1. I love to read. I always have a book with me (and sometimes even my Kindle, too!) but they are expensive to buy. So, now, I almost never purchase hardcopies of books unless I absolutely loved the novel and cannot exist without it (which is rare). So, in my case, I use my library constantly. I’m lucky enough to work within walking distance to a gigantic library that has an excellent selection. Also, since inter-library loan became a thing, I never have to worry about my specific library not carrying a book I want. Sometimes the wait for a book can be long, but it is so worth it in the end to not shell out cash for books. I can check out some pretty great novels on my Kindle through my library as well!
  2. I hate shopping. Hate it. This goes for clothes as well as food–I hate having to battle my way through stores, trying things on (in the case of clothes), and figuring out which item to buy for my dinner this week (in the case of food). Whenever I can, I try to shop online for clothes, food, toiletries and other items. Usually, this means that I get discounts (especially on sites like Amazon) and I also get peace of mind :). For clothes, I’ve been shopping more recently at thrift shops (so amazing!). The clothes are beautiful and so very affordable–it’s a dream.
  3. Eat at home as much as possible. I can’t stress this one enough. I enjoy eating out very much, but now I save that for special occasions or a night out with friends. My waistline and my budget have thanked me profusely for this. I once heard someone say, “The quickest way to get rid of your money is to eat out.” Or something to that effect, but you get my drift.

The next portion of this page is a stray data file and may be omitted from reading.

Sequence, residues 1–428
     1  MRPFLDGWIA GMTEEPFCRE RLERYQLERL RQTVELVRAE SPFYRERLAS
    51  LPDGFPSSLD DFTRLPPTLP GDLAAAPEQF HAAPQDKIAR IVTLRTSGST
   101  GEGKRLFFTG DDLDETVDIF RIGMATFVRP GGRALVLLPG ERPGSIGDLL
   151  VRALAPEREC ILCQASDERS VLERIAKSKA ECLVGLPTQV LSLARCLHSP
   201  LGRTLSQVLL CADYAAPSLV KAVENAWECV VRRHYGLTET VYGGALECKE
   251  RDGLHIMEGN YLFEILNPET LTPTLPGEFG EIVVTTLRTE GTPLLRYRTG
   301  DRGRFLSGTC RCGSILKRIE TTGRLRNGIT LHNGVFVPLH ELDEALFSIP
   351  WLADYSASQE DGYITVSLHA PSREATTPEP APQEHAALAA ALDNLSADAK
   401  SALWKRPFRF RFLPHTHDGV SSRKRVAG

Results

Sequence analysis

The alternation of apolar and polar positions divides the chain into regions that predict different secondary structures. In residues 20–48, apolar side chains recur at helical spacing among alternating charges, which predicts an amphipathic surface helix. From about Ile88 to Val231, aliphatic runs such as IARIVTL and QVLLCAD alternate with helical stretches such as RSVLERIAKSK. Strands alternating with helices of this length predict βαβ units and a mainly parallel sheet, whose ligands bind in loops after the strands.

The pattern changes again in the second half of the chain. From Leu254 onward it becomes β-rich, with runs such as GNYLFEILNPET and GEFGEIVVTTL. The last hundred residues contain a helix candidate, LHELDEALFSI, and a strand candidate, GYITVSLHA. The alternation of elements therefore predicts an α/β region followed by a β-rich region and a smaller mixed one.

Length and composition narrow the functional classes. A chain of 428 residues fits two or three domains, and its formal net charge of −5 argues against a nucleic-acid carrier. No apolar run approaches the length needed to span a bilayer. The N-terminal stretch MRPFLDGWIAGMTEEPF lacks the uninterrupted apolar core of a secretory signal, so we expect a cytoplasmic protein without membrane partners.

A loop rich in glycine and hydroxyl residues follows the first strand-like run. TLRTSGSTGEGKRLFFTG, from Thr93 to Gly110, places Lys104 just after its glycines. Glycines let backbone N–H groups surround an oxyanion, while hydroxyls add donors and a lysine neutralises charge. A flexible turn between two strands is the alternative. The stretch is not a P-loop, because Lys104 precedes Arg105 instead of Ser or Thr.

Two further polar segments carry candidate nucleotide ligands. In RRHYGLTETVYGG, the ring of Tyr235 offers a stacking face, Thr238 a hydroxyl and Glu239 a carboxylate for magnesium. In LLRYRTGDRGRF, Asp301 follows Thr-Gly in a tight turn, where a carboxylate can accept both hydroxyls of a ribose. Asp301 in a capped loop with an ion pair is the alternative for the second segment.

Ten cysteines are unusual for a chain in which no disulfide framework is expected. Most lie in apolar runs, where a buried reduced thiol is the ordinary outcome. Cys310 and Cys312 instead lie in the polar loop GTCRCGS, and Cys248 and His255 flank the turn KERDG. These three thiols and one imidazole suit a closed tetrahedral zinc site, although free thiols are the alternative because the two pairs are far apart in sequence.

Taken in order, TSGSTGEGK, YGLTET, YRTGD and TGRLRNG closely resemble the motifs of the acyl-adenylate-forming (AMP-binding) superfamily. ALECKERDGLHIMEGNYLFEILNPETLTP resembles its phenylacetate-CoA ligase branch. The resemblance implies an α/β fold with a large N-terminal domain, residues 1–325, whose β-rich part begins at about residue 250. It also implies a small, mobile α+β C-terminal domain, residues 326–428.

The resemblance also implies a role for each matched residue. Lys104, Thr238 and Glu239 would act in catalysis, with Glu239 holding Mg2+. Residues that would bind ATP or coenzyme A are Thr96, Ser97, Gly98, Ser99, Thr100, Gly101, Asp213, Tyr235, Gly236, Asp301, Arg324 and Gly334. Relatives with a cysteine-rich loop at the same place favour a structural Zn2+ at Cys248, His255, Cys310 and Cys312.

4. Put away whatever you can from each check and don’t even think about it again. I have a 401k through work but I also have a savings account of my own. Whenever I get paid, I pay my bills and set aside spending money for myself, then whatever I have left that I think I can spare I put into that account. Sometimes it’s $100, sometimes $20 (or even less…), but I do this for every single check and I can’t describe that feeling of security. It is so comforting to have an account set aside for emergencies, such as car repairs.